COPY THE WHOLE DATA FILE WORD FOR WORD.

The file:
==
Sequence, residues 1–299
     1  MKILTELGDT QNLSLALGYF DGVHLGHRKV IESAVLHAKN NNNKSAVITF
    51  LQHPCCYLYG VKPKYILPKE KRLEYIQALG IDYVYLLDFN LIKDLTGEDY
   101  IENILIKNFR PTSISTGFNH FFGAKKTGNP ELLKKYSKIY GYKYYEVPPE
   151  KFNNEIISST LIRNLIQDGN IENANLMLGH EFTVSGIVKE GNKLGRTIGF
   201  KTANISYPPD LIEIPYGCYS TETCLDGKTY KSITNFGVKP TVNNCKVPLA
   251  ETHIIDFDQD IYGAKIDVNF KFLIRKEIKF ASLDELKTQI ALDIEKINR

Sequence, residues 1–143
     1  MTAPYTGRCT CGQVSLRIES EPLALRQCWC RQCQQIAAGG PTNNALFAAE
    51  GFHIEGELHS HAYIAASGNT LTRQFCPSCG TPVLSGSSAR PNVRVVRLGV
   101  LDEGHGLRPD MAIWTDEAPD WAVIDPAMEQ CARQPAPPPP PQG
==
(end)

Sequence, residues 1–299
     1  MKILTELGDT QNLSLALGYF DGVHLGHRKV IESAVLHAKN NNNKSAVITF
    51  LQHPCCYLYG VKPKYILPKE KRLEYIQALG IDYVYLLDFN LIKDLTGEDY
   101  IENILIKNFR PTSISTGFNH FFGAKKTGNP ELLKKYSKIY GYKYYEVPPE
   151  KFNNEIISST LIRNLIQDGN IENANLMLGH EFTVSGIVKE GNKLGRTIGF
   201  KTANISYPPD LIEIPYGCYS TETCLDGKTY KSITNFGVKP TVNNCKVPLA
   251  ETHIIDFDQD IYGAKIDVNF KFLIRKEIKF ASLDELKTQI ALDIEKINR

Sequence, residues 1–143
     1  MTAPYTGRCT CGQVSLRIES EPLALRQCWC RQCQQIAAGG PTNNALFAAE
    51  GFHIEGELHS HAYIAASGNT LTRQFCPSCG TPVLSGSSAR PNVRVVRLGV
   101  LDEGHGLRPD MAIWTDEAPD WAVIDPAMEQ CARQPAPPPP PQG